Blueberries irrigation guide: Enhancing yield with drip and micro irrigation
Blueberries are a high-value cash crop with very good revenue potential. However, they also come with steep production costs, and as a perennial shrub, are quite sensitive and demanding. They are a challenge to grow, with unique water and soil requirements, and susceptibility to disease. Investing in a drip irrigation system to provide the right amount of water and fertilizer at the right time is one of the best ways to significantly increase your blueberry crop yields and quality.
How to grow blueberries: Growing in soil
This is the most common method for growing blueberries. They can be grown in open field or in tunnels for weather/climate protection. Due to a combination of raised beds, weed mats/mulching and a short root zone, blueberries are almost completely dependent on the irrigation system for water and nutrients.
Important drip irrigation principle for blueberries: Irrigate as if you are using a soilless/hydroponic system even if the blueberries are in soil.
Blueberries require 200–300 mm/ha (3.19–4.78”/acre) of irrigation per year, but the crop cannot readily access rainfall, and as most roots are in the raised bed, blueberries depend on precise irrigation and fertigation.
Important considerations for growing in soil
Blueberries have a shallow root system and are susceptible to water stress. Planting blueberries in raised beds is important for drainage and allows the roots to develop above the wet zone to prevent water logging. Beds should be raised 15–20 cm (6–8”).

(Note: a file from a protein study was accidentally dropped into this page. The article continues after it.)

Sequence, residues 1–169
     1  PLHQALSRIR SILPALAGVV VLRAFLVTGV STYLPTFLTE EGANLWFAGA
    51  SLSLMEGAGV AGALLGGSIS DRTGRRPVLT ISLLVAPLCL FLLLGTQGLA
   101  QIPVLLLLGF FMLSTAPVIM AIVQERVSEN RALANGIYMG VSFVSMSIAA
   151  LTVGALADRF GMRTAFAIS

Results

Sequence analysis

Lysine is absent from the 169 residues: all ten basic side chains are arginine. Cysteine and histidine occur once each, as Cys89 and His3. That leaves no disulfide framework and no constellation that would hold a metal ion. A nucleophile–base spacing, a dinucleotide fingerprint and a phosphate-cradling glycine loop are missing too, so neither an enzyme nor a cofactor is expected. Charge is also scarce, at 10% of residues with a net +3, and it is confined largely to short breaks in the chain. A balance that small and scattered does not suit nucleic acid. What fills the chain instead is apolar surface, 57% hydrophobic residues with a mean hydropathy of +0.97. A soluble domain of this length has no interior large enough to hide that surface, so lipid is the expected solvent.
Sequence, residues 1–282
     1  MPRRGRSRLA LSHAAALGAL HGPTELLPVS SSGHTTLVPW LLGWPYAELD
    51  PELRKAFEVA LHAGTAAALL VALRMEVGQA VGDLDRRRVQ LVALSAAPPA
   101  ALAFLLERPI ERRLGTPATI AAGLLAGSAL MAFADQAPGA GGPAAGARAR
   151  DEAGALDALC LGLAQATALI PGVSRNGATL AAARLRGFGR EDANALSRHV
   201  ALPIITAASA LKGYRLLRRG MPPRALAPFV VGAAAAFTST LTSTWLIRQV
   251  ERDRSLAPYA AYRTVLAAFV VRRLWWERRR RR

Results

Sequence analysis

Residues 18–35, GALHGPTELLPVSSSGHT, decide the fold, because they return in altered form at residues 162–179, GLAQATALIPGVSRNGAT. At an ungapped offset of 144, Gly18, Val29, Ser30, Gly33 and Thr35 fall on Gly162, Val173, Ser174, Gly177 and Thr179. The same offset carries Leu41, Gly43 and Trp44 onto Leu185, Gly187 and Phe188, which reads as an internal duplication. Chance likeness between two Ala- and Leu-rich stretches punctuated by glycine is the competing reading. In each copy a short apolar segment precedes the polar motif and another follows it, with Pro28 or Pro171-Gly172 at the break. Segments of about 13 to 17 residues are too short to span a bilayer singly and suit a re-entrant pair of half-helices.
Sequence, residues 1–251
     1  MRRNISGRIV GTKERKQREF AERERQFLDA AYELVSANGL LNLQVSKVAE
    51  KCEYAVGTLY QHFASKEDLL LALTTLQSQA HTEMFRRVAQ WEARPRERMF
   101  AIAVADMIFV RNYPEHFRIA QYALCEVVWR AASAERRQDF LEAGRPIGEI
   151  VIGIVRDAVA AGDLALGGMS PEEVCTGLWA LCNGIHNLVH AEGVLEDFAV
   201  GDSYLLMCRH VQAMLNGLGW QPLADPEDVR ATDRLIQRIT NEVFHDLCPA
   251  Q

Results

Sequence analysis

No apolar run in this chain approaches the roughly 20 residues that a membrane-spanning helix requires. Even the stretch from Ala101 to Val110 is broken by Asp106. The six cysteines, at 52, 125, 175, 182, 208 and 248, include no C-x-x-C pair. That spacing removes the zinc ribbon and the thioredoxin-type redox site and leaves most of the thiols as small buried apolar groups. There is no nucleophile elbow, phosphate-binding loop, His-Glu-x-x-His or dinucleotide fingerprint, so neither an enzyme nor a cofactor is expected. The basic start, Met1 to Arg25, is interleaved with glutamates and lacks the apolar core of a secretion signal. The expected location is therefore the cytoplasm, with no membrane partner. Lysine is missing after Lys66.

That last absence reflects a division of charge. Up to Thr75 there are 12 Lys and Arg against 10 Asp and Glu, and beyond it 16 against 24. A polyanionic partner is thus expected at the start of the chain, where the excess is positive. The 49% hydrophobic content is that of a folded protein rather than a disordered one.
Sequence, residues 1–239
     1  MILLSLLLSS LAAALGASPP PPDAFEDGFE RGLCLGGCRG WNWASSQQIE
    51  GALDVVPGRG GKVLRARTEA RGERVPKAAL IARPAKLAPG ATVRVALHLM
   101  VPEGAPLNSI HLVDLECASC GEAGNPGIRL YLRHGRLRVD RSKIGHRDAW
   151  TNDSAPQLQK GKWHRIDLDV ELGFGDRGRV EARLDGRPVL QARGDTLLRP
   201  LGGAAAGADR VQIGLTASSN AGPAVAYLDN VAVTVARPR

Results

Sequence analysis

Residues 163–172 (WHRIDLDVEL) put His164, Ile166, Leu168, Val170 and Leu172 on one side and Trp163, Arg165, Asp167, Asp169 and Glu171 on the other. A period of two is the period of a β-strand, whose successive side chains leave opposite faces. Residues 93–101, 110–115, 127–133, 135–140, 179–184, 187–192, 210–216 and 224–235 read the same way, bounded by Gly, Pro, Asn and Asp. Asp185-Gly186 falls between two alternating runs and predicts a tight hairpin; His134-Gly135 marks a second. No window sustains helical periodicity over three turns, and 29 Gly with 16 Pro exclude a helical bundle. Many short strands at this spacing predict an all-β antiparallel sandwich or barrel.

As many soils do not have the optimal conditions for growing blueberries, it is often recommended to dig a trench and create a raised bed with the application of a substrate that is light in texture, for good air to water ratio, and has a pH of 4.0–5.0.
10–15 cm (6–8”) of mulch should be applied, with repeat applications once the mulch decomposes to 5–7 cm (2–3”). Mulching regimes are important because the roots of blueberries will grow on the edge of the soil. If there is a high rate of mulch decomposition, the roots will become exposed without protection. Mulching may also be used in conjunction with a weed mat.
Irrigation periods should be short (less than 15 minutes). With a small root structure and most of the root zone being in the raised bed, extended irrigation risks water logging and will cause water and nutrients to pass out of the beds and into the soil below, where it cannot be accessed by the roots.
Minimize drainage from the drip line
To prevent water from draining at shutdown, anti-siphon (AS) or no-drain (ND) drip lines should be used. Additionally, mainlines and submains should be designed so that their holding content is minimal and their drainage through the drip lines at shutdown is minimal to prevent water logging.
How to decide: One or two rows of drip line
The question of one or two rows of drip line is common, and an important topic that needs to be expanded. Blueberries are shallow rooted but will extend to the width of the raised beds (up to 1 meter (3’) width). Providing water to more of the total root diameter will lead to increased nutrient uptake, reduced plant stress, better growth of young stems and larger berry size.
Results and conclusions
- Using one drip lateral, only one half of the ridge gets wet and only limited roots received irrigation. The reduction of wet area leads to a water deficit in the plant.